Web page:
San Francisco Chronicle
Disability lawsuits spiking in Chinatown
Federal courts in California have for years been deluged with suits accusing businesses of violating the rights of disabled customers with ramps, curbs, sales counters and other structures that fail to meet legal standards under the Americans with Disabilities Act. But a series of recent suits filed in San Francisco’s Chinatown is alarming shopkeepers and angering District Attorney Chesa Boudin.
One defendant is Fanly Chen, owner of the GoApple store in Chinatown, which repairs cell phones and sells accessories. Chen, the single mother of a 9yearold boy, says she is almost a year behind in her rent because of losses during the pandemic. She was recently served with papers from lawyers for a wheelchairusing customer saying her countertop was too high and warning that she faced damages and legal fees for that and other violations of the disability law.
“I couldn’t sleep because I don’t know what to do,” said Chen, who is working with
other Chinatown merchants to hire a lawyer. “This whole case — I can’t afford it.”
Neither can other small businesses, said Boudin, who has announced plans to investigate the wave of suits and the lawyers behind them. He has also established a working group, with representatives from the Chinese American community and the disabled community, to advise businesses of their rights and obligations.
There are several reasons for the lawsuits, including limited knowledge of the law’s requirements; the cost of compliance, particularly in older buildings; and, in Boudin’s view, plaintiffs’ lawyers who are less interested in aiding people with disabilities than in lining their own pockets.
But a principal reason is the federal law itself, adopted to protect people with disabilities from discrimination in employment, education, transportation and access to any facilities open to the public.
Passed in 1990 with bipartisan support, the ADA, unlike other civil rights statutes, did not assign a federal agency to enforce its guarantee of equal rights for people with disabilities or punish wrongdoers. It left that task to disabled Americans and their lawyers — like the San Diego law firm that has filed more than 1,500 suits in California this year.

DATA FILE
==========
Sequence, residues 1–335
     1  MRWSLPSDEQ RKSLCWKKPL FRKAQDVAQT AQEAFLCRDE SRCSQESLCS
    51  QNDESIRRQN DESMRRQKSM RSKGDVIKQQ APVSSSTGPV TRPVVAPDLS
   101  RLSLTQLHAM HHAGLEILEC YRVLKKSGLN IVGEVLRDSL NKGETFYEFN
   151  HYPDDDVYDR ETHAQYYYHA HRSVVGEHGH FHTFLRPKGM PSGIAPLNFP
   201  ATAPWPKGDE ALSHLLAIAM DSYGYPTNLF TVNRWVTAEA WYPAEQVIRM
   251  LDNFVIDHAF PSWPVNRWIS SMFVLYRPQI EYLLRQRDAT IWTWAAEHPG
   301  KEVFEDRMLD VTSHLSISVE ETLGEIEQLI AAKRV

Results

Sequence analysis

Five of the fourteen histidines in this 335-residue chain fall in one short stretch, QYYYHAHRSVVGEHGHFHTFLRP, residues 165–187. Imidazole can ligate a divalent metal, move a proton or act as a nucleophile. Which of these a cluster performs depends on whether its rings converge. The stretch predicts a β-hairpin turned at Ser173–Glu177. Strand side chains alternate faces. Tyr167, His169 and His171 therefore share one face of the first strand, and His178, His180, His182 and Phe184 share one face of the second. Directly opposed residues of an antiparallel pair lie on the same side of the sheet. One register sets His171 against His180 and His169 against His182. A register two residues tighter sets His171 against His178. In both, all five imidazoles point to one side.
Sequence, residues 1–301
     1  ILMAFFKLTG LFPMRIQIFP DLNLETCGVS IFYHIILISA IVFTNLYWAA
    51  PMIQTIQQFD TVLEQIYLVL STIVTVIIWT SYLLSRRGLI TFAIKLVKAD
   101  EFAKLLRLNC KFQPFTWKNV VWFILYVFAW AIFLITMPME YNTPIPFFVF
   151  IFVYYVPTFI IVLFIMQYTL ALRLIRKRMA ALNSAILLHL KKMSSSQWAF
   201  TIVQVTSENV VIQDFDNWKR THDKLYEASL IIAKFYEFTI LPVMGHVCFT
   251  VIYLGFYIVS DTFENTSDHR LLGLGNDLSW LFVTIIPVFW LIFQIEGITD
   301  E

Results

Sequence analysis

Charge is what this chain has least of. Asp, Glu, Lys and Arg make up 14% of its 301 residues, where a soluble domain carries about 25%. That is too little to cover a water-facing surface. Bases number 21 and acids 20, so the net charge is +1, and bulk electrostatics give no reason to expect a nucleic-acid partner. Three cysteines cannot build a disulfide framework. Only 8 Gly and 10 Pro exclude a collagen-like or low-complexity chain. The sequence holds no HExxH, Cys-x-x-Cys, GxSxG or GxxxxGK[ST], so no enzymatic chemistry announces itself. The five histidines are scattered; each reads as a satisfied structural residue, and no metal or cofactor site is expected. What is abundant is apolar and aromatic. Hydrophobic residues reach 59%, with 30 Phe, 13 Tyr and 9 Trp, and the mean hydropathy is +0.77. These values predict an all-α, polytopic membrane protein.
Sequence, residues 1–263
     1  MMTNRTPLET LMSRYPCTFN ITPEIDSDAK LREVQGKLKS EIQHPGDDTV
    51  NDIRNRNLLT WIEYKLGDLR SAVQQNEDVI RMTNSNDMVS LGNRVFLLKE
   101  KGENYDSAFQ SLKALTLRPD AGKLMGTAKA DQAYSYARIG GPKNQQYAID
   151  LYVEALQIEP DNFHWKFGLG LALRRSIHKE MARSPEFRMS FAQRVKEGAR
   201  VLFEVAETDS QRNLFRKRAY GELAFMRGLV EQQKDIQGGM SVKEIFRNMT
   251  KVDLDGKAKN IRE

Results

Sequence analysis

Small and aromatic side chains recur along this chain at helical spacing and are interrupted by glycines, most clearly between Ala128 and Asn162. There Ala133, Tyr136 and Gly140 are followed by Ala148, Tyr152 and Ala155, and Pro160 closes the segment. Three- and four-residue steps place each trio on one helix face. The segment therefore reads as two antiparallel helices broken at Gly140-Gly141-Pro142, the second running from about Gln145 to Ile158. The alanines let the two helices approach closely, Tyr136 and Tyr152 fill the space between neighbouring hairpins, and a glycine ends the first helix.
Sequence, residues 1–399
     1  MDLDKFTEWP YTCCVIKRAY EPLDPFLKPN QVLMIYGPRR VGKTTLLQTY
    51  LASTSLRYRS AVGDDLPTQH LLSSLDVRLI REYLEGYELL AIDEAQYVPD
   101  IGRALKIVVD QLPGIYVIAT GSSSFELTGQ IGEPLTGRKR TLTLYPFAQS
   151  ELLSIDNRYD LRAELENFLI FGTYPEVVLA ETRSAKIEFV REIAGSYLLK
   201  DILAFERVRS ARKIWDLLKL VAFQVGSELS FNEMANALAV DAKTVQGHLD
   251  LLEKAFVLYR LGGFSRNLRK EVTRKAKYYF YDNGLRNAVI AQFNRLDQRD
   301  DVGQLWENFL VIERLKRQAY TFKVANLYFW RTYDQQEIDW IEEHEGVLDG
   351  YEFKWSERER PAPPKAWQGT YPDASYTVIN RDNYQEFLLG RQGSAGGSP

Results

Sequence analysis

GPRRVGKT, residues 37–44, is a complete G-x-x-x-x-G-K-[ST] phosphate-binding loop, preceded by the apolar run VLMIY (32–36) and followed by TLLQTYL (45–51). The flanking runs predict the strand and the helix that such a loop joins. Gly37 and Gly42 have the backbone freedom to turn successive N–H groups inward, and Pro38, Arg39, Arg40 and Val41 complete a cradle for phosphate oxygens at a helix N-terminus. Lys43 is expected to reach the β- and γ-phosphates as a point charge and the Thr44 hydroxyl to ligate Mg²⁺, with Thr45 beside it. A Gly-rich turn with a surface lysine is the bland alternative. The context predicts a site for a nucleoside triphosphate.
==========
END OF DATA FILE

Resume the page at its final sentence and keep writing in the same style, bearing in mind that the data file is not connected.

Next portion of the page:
The ADA “didn’t come with resources or effective mechanisms to enforce it,” Boudin said in an interview. “That’s not fair to the disabled community, not fair to the momandpops, the small businesses targeted in the latest wave of filings . ... These lawsuits are focused far more on enriching plaintiffs’ lawyers than they are on vindicating disability rights.”
But a longtime disability rights lawyer says the law is working the way it was designed to work.
Celia McGuinness of Oakland has sued hotels, restaurant chains and even police officers for violating the rights of people with disabilities and served two terms on the California Commission for Disability Rights, appointed by thenGov. Jerry Brown. She noted that the law, signed by President George H.W. Bush, had strong Republican support — the vote among Senate Republicans was 328, and backers included Sens. Mitch McConnell of Kentucky, Strom Thurmond of South Carolina and Pete Wilson, who later that year would be elected governor of California.
It was drafted “as a smallgovernment solution, that the market would take care of enforcement,” McGuinness said. “The people who were injured could file lawsuits and the people who caused the harm would end up paying.”
And a federal appeals court says even the filing of hundreds of suits by a single plaintiff, which in other contexts might be evidence of abusive litigation, can be traced to the design of the ADA.
In a ruling in 2007, when suits under the law were proliferating, the Ninth U.S. Circuit Court of Appeals in San Francisco noted that the statute allows plaintiffs to sue only for barrier-removing injunctions, not monetary damages. Plaintiffs may also seek attorneys’ fees, typically at least $25,000 per case, and in California can invoke a state law imposing civil penalties of $4,000 per ADA violation.
“As a result,” the court said, “most ADA suits are brought by a small number of private plaintiffs who view themselves as champions of the disabled . ... For the ADA to yield its promise of equal access for the disabled, it may indeed be necessary and desirable for committed individuals to bring serial litigation advancing the time when public accommodations will be compliant with the ADA.”
One such plaintiff is Albert Dytch, 71, a marriage and family therapist in Oakland, who suffers from muscular dystrophy and has filed 180 lawsuits since 2009. As he told the New York Times, “The law is subsidizing me to correct things. Then I earn money to defray the exorbitant costs of being disabled.”
California’s most prolific ADA law firm is Potter Handy in San Diego, which has an affiliate called the Center for Disability Access and has filed more than 1,500 suits so far this year. Its approach was illustrated in a suit filed in February by Orlando Garcia, one of 157 cases he has filed in San Francisco federal courts.
Garcia has cerebral palsy, uses a wheelchair and travels frequently, the suit said, “because he is an ADA tester and actively engaged in finding lawbreaking businesses and hauling them before the courts to be penalized and forced to comply with the law.”
The suit, still pending, accuses the Chancellor Hotel, on Powell Street in Union Square, of maintaining a website that failed to specify any protections it has for disabled guests, such as the dimensions of doors and desks and whether toilets have grab bars. Garcia has not yet patronized the hotel but is being deterred by its lack of specified facilities and is entitled to $4,000 for the violations, his Potter Handy lawyers said.